August 29, 2013 by David K. Sutton
Minimum Wage Increase: With Profits At All-Time Highs, Yes, Corporations Can Afford It
Minimum wage is a wedge issue. But it’s not the usual wedge issue that pits left vs. right, liberals vs. conservatives. Just about everyone on the left is on board with increasing the minimum wage. The wedge is between working-class Republicans and wealthy corporate elitist Republicans.
Increasing the minimum wage polls very high. Obviously, as with any poll, it depends on how you ask the question, but back in March (2013), Gallup asked, “Suppose that on Election Day you could vote on key issues as well as candidates. Would you vote for or against a law that would raise the federal minimum wage to nine dollars an hours?” 71% responded “For.” Even Republicans responded “For,” 50% to 48%.
A Hart Research Associates poll from July (2013) found that 8 out of 10 would like to see the minimum wage raised to $10.10 per hour. And even among Republicans it wasn’t close (62% to 38%).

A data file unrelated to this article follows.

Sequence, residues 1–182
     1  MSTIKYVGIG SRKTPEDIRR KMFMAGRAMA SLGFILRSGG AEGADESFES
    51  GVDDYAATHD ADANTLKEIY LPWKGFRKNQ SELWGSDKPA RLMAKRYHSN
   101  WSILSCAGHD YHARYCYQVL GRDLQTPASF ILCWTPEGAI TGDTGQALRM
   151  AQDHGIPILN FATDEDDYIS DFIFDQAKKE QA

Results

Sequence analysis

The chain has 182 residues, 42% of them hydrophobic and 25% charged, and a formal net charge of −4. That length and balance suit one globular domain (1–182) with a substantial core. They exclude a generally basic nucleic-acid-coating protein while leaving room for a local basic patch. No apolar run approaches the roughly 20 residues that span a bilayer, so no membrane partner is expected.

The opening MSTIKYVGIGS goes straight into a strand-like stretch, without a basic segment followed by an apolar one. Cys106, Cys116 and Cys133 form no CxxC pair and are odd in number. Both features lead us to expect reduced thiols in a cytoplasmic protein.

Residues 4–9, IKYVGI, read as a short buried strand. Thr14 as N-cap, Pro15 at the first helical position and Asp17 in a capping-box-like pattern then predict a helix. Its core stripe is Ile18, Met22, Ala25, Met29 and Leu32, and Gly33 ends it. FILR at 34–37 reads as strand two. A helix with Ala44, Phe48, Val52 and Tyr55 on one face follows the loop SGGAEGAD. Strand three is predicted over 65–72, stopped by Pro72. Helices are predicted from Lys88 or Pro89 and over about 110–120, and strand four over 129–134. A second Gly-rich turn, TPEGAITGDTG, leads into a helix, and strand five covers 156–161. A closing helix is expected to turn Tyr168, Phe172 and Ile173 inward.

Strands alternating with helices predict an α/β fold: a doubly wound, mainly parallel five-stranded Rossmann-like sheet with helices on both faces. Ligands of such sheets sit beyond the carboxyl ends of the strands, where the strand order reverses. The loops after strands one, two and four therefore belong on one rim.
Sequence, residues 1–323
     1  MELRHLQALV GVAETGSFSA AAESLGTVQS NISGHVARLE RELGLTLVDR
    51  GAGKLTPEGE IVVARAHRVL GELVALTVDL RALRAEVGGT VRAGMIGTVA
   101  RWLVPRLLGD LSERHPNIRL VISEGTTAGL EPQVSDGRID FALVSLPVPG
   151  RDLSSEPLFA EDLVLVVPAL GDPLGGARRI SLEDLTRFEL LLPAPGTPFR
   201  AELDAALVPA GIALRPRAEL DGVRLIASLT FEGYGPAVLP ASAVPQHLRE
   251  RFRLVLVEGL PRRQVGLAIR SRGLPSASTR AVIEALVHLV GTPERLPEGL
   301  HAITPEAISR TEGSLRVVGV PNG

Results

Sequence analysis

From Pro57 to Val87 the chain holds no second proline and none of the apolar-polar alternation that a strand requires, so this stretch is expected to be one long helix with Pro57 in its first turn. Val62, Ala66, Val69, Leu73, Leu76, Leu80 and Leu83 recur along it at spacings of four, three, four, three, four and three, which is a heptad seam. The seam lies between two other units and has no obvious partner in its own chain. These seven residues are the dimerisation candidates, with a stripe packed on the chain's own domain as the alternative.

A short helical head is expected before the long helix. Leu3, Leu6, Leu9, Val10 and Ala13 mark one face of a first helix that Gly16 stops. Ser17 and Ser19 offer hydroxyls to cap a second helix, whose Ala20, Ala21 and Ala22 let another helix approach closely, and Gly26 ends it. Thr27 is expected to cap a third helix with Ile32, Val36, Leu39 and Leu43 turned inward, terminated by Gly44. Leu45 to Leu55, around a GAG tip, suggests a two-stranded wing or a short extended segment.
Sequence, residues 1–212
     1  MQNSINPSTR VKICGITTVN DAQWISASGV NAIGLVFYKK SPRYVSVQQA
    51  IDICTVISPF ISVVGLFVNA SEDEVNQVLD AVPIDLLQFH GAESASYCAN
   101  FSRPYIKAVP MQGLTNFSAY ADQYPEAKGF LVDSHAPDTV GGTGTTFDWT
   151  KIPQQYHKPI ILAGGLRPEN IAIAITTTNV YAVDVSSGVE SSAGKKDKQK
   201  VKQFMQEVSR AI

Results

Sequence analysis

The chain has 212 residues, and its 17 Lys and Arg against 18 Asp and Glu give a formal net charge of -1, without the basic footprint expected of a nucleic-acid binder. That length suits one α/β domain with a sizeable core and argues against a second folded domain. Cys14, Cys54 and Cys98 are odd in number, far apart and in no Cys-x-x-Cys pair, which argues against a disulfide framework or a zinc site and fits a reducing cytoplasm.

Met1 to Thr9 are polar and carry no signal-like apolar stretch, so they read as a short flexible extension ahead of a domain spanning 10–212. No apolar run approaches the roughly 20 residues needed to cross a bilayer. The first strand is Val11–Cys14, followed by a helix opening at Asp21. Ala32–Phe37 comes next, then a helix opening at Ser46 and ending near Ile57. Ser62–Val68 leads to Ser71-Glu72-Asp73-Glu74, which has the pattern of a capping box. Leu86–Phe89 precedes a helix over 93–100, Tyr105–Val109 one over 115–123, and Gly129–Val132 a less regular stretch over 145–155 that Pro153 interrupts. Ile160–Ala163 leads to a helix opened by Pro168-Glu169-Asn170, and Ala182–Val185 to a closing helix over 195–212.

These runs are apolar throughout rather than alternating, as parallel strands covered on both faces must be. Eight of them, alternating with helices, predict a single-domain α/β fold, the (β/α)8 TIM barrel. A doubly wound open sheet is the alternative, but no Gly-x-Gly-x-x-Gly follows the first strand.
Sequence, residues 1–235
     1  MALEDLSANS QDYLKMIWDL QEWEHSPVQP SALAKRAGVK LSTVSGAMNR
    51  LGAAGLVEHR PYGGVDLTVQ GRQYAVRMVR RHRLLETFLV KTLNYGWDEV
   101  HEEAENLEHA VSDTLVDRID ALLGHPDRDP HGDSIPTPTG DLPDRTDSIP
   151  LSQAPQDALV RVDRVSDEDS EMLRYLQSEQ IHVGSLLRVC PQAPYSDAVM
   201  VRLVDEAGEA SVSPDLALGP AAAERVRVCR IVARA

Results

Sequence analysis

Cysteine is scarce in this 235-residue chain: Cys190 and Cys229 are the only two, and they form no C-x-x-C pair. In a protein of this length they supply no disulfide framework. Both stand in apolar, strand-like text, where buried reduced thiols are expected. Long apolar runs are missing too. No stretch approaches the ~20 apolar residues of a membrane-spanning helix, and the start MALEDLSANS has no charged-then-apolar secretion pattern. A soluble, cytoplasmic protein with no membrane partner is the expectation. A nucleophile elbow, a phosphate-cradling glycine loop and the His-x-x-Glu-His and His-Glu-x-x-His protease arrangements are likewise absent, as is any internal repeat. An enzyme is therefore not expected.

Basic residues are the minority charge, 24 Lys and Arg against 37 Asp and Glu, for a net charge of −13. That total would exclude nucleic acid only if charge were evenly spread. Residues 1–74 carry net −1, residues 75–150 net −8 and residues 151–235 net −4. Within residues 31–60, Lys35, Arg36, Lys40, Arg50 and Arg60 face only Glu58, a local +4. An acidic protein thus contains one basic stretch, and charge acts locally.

But if you write about raising the minimum wage, as I am now, you are likely to receive vitriolic and contemptuous feedback from a fringe group of disgruntled conservatives, oddly not among the wealthy corporate elite, who are hell-bent on telling you how stupid an idea this is, and how you don’t know how the economy works, or other intellectual retorts like:
So you think that working the fast food counter and flipping burgers is a lifelong career rather than an entry level job?
I really feel for the person who thinks this is the proper path to the promised land of logical and reasoned arguments. Does it matter if I think “flipping burgers” is a career? Of course not. Does it matter if someone is working a fast food job on their way to something else, or if they work that job for life? Of course not. — Either way they should expect to be paid a fair wage. And $7.25 per hour is NOT a fair wage. That’s $15K a year if working full-time, and minimum wage jobs rarely come with benefits, so how is someone supposed to feed and shelter themselves? And forget about health care insurance — or a family.
The only argument you hear that seems like it’s plausible, as usual, if you don’t think about it much, is the idea that an increase in the minimum wage will lead to job losses. They say companies will choose to let some people go, not pay them more. First, I reject the idea of being held hostage to corporate demands. And second, this argument might be convincing if corporate profits were not at all-time highs, and if nearly all gains in the current economy had not gone to the top 1%.
But I’m feeling generous. Try again.